Chris Daykin, the government actuary, has severely criticised the FSA's approach to regulation saying it "does not always lead to an improvement in general welfare".
He says fines imposed for endowments mis-selling have been wron, but also criticised the previous Conservative government over its handling of pensions mis-selling.
Daykin also reserves comment for consumers, noting that "the imposition of fines and compensation payments simply imposes costs on other policyholders and undermines acceptance of personal responsibility for investment choices."
Allowing consumers to build up dangerous levels of personal debt is another problem government should be criticised for, he adds.
The Daily Telegraph notes Daykin’s department was criticised in the Penrose report for its part in the Equitable Life scandal.
PENSIONS ISSUES are also reported in The Times, which notes the NAPF has written a letter to Malcolm Wicks, pensions minister, warning of huge additional costs to pension schemes of new EU law.
The law means a tighter funding regime, which will force companies to put millions more into their schemes. The warning comes after the sale of WH Smith to private equity firm Permira collapsed because of fears over a deficit in the newsagent’s pension fund.
While the Pensions Bill notes schemes will have to hold “sufficient and appropriate assets”, the government has so far not defined “sufficient” or “appropriate” for the industry, the NAPF says.
ADDS to the pensions debate with a warning from Lawrence Churchill, chairman elect of the Pension Protection Fund that firms should not try to cheat the system by putting off insolvency until the fund is in place next year.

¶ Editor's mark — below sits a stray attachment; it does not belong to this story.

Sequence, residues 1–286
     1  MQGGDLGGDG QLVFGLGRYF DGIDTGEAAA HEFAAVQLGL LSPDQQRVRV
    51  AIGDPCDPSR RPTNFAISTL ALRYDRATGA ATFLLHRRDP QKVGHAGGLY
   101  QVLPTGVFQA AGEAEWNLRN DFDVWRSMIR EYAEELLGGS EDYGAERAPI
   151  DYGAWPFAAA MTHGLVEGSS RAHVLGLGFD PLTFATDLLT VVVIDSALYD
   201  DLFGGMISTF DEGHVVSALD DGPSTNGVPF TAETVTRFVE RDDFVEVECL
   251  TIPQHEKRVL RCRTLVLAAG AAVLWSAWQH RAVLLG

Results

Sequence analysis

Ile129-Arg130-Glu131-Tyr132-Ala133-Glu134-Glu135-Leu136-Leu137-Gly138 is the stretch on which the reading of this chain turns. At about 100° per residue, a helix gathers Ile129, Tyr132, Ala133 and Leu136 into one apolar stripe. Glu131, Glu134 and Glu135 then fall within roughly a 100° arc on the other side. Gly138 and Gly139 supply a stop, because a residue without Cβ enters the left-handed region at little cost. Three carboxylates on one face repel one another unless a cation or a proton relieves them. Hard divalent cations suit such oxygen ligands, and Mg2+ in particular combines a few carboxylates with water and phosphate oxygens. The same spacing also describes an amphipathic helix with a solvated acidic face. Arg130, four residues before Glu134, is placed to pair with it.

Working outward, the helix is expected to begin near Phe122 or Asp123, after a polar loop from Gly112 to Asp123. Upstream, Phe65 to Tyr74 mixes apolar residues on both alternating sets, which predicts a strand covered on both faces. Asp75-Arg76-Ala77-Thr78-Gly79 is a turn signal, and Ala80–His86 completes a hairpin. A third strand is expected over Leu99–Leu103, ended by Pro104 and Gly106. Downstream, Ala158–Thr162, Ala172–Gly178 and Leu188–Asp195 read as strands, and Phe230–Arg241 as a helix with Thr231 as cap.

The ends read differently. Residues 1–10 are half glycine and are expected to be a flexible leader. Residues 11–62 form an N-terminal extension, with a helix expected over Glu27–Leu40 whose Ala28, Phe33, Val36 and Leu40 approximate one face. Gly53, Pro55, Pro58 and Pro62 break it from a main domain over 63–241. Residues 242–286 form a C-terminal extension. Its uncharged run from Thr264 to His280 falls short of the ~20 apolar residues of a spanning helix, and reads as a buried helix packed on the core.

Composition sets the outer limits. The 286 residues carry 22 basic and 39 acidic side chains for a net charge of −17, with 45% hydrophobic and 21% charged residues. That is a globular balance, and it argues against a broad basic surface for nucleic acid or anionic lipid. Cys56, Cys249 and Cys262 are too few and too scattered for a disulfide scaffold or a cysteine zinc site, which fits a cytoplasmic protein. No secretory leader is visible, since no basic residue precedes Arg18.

Churchill admits he has heard some employers are putting off insolvency until then in order they do not have to cover the cost of ensuring employees’ retirement benefits.
"There are measures in the Bill which allow us to set aside the liabilities of companies who are deliberately trying to put their problems on to the PPF.”
ONE IN THE EYE for Goldman Sachs is the unusual theme following a bitter letter sent to the investment banking giant by Stuart Rose, chief executive of Marks & Spencers, who is trying to see off a hostile £8bn bid for the ubiquitous chain.
Rose says GS has “promoted untruths” and “damaged” his reputation through its actions on behalf of Philip Green, the retailer looking to add M&S to his BHS chain, the FT says.
The trouble has flared after suggestions Rose had repeatedly been invited to chair the bidding vehicle set up by Green for the takeover, the paper adds.
Meanwhile, the FSA has got involved and is set to question Rose over allegations of insider dealing, relating to the purchase of M&S shares just after one particular meeting with Green, but before Green officially announced his intentions towards M&S.
RESTRUCTURING OPERATIONS of Credit Suisse is not going to lead to a quick sale of its insurance business Winterthur anytime soon, says the FT.
Some speculation has appeared because of changes announced last week, including the pushing-out of co-chief executive John Mack, but analysts do not believe there is enough interest in the market for a sale to proceed.
The paper quotes a Commerzbank analyst stating: “Getting into Switzerland - which does not give you access to the EU - isn't on most people's list of strategic imperatives."
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